I know these things from experience, as I was one of those parents with “my head in the sand”. I had no idea what was happening to my daughter at school everyday. I really thought she was still a “little girl”. It started in middle school when she was about 12. She was 14 when she overdosed on alcohol at a party. This was a party where parents were present and in the next room! Her friends brought her home and deposited her on the front doorstep. She was limp. I was shocked. We called an ambulance and she went to emergency. There she tested positive for marijuana, meth, barbiturates and heroin! We were fortunate, she eventually recovered. After that we tried a lot of different things including extensive drug counseling, therapy, threats, meetings, punishment. I set up a regular weekly dinner out for just the two of us. At first she fought me about going. For weeks she sat there and said nothing. Slowly she began to open up about things in her life a little at a time and eventually she told me she looked forward to our dinners out. What worked better than anything as a deterrent, was buying a breathalyzer. If I had known this would work so well, I would have bought it first thing. We also tried some drug tests, but getting the results in a week or even a few days is too long. Now the drug tests work faster and don’t usually have to be sent into a lab. The breathalyzer results were immediate and she knew it was there waiting for her to try when she came home! It’s also affordable and easy to use. I would recommend it to any parent of a teenager who suspects alcohol abuse.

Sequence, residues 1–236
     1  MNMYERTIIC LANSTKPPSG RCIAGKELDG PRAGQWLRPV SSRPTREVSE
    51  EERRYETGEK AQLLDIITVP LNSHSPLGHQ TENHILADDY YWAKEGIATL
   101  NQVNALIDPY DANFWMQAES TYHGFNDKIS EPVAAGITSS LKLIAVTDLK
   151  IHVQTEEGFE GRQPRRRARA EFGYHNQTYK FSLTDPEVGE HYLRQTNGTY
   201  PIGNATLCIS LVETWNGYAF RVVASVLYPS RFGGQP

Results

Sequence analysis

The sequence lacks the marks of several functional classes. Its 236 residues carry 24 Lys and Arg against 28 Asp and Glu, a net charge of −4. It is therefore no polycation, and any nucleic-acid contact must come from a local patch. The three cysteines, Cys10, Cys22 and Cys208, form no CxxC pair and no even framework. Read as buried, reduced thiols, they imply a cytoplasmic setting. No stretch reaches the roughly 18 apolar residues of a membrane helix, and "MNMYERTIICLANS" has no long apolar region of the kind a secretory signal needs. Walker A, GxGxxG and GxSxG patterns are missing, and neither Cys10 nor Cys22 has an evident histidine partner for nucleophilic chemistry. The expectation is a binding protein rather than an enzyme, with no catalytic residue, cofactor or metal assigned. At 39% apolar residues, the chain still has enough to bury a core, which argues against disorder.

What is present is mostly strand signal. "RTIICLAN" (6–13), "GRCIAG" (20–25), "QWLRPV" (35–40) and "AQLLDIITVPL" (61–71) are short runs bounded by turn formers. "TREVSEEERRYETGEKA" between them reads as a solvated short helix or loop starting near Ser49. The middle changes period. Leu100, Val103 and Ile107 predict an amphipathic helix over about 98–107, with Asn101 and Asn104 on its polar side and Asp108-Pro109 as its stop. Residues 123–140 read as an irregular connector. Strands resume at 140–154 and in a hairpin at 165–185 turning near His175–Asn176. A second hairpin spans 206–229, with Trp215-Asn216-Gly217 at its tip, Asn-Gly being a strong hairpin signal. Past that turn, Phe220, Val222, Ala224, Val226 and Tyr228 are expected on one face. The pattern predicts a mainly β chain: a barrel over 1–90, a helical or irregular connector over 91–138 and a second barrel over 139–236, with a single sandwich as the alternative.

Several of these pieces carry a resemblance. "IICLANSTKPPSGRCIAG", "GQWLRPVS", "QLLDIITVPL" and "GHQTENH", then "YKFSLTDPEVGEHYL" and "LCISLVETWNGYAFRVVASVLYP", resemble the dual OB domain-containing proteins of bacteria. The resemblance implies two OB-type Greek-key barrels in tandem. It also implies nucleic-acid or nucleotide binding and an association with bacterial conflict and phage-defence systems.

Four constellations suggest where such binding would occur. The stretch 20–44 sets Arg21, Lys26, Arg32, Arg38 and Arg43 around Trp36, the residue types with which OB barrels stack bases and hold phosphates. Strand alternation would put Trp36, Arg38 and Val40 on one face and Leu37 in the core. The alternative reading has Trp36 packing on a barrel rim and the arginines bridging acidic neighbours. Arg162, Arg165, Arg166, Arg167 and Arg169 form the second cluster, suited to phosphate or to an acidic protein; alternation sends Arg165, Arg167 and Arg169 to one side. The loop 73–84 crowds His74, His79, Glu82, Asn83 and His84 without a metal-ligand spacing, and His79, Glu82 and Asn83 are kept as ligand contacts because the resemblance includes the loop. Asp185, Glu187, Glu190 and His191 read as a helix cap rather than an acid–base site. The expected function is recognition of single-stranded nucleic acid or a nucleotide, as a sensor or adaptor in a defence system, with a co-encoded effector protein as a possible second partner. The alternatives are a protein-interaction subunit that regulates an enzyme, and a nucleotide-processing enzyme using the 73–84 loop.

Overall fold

Just as a followup, my daughter is 20 now. She’s fully recovered. It wasn’t easy. I was very persistent and I prayed a lot. She has her own successful business now and is doing well.